A nice pic of the pool:
A nice pic of the pool:
It just makes your life so much nicer. I made a big batch for Shabbat, and we had it warm Friday night with some turkey stew and cold as a salat for an appetizer. I've been eating it with lunch yesterday and today and then tonight I sauteed fresh bass fillets in a pan with some olive oil, salt and pepper and then dumped some of the ratatouille after they browned a little, added some white wine and cooked them covered for about 12 minutes. YUM!
My 14 month old son, E, is soon finishing his time with his wonderful metapelet (caregiver), whom he's been with since he was 5 and 1/2 months old. She has truly been an extraordinary caretaker, constantly showering him with love and attention and generally "mothering" him, rather than just "babysitting" him. He smiles and gets excited when we approach her door and now he even smiles when we park the car near her house. M and I have remarked to each other numerous times about how happy we were to have found her.
In the course of writing "Mother Nature," [previous book] I realized there was no way that mothers in the Pleistocene could have reared their young without alloparental assistance. At that point, I had been working on the demographic implications of shared care, and how it meant that mothers could breed after shorter intervals and produce more young that were likely to survive. So I concluded that humans must have evolved as cooperative breeders. Although people had been thinking about various permutations of this hypothesis for a while -- it started out as "mothers must have had help from their mates," and then in the '90s people started to say that it was help from siblings or grandmothers -- "Mother Nature" was really the first book to come out and say it: We could not have evolved except as cooperative breeders.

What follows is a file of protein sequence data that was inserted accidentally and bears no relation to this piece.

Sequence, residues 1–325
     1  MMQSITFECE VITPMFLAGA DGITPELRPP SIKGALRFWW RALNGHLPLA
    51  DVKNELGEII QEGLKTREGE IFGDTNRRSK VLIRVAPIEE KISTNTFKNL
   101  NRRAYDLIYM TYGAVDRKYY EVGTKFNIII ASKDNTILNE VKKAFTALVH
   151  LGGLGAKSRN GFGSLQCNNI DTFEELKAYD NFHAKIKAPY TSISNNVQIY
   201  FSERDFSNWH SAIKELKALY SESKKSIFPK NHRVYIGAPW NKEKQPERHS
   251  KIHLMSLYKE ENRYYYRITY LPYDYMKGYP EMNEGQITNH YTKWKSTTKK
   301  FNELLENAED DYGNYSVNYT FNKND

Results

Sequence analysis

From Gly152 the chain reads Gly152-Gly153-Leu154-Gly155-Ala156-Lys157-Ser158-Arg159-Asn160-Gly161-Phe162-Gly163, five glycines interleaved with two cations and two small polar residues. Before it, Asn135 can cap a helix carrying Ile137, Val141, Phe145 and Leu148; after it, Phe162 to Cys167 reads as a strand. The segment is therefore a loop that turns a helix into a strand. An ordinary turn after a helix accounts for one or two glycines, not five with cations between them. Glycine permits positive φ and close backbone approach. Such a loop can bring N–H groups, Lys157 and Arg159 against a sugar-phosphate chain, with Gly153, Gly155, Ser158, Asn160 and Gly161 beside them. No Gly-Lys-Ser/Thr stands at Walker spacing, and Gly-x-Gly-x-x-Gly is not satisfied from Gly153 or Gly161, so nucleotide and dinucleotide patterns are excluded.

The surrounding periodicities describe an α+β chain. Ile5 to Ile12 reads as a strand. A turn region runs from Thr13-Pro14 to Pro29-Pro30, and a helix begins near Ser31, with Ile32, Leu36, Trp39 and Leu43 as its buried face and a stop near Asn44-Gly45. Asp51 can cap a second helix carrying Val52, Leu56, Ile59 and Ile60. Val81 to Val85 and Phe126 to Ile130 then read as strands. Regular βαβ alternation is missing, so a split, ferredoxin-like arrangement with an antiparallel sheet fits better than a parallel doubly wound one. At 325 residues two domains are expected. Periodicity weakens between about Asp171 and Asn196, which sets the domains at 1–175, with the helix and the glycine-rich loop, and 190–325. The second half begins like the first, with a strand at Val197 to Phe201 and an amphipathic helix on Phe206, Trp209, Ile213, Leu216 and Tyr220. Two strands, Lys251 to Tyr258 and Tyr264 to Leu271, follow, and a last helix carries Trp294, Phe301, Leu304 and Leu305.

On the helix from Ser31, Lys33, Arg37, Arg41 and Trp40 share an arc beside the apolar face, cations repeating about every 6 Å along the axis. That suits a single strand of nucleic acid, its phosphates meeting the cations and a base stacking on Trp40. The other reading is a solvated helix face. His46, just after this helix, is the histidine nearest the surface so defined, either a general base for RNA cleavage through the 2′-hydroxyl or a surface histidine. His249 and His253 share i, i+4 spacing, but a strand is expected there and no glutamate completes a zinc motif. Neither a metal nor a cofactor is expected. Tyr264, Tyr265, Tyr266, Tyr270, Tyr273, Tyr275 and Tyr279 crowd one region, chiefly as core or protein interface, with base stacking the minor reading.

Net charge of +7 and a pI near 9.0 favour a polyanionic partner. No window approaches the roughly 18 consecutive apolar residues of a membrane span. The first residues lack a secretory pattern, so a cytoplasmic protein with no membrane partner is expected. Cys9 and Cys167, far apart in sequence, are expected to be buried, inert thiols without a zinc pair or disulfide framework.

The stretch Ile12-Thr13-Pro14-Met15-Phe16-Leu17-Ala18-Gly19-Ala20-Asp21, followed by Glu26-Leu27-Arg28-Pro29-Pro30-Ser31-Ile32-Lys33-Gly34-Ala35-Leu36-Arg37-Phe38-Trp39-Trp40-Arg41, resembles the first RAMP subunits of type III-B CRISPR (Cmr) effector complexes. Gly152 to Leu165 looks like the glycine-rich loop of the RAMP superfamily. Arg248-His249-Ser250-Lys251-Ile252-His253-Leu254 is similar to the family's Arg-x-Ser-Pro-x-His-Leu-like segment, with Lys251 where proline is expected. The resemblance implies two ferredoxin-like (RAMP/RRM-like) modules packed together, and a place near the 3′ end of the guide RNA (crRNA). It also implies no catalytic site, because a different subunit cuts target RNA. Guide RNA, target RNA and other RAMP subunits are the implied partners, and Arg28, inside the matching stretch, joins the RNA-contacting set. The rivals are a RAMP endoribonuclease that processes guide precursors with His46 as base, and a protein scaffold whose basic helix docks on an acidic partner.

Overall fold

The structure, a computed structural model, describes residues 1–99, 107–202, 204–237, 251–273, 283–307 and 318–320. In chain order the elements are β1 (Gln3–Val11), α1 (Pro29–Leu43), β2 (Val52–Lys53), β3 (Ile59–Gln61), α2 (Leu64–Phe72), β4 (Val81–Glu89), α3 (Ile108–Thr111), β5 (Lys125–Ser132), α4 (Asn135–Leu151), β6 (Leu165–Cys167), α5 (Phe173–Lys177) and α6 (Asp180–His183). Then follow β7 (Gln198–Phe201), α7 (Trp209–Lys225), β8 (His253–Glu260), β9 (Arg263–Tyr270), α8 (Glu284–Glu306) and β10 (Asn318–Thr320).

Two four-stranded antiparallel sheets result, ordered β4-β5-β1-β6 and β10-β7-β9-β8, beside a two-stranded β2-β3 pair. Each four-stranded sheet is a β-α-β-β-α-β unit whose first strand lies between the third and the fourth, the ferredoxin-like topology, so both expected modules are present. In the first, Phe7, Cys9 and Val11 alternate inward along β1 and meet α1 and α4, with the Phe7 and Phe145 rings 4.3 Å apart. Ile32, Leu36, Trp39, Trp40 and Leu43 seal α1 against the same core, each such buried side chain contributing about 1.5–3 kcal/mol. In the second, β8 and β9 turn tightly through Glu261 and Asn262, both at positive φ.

... What I'm saying is that human mothers are unusual in how much support they need. I'm also trying to expand the concept of what children need to include other people as well as mothers. Mothers need a lot of social support, and having more than one caretaker is very, very useful. When parents are getting divorced and the father and the mother are fighting over custody, that's so selfish. There's no way a child can really have too many allomothers. Even if the mother is mad at the father, she should want him involved. Children develop best in secure social environments, and security includes turning to lots of different people and knowing they are there for you. And since daycare is here to stay, we need to think a lot harder about how to make it better by incorporating attachment theory, making it small-scale and having consistent and responsive caretakers. But these aren't brilliant points. These are just obvious.
An "allomother" is basically a child's caretaker other than a mother.
My three children have all been in some type of childcare since very young ages and I think they have all thrived and benefitted from from their relationships with their allomothers. I agree with Hrdy that the key to excellent childcare is "consistent and responsive caretakers" and I've been lucky so far in finding these kinds of caregivers.